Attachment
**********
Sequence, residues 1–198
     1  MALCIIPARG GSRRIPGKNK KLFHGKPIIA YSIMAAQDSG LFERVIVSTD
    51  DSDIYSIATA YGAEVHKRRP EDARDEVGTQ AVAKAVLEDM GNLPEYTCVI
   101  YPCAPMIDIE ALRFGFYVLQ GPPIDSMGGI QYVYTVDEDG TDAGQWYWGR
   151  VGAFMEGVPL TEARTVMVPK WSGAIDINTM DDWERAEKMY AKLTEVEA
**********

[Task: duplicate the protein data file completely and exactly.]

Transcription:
Sequence, residues 1–198
     1  MALCIIPARG GSRRIPGKNK KLFHGKPIIA YSIMAAQDSG LFERVIVSTD
    51  DSDIYSIATA YGAEVHKRRP EDARDEVGTQ AVAKAVLEDM GNLPEYTCVI
   101  YPCAPMIDIE ALRFGFYVLQ GPPIDSMGGI QYVYTVDEDG TDAGQWYWGR
   151  VGAFMEGVPL TEARTVMVPK WSGAIDINTM DDWERAEKMY AKLTEVEA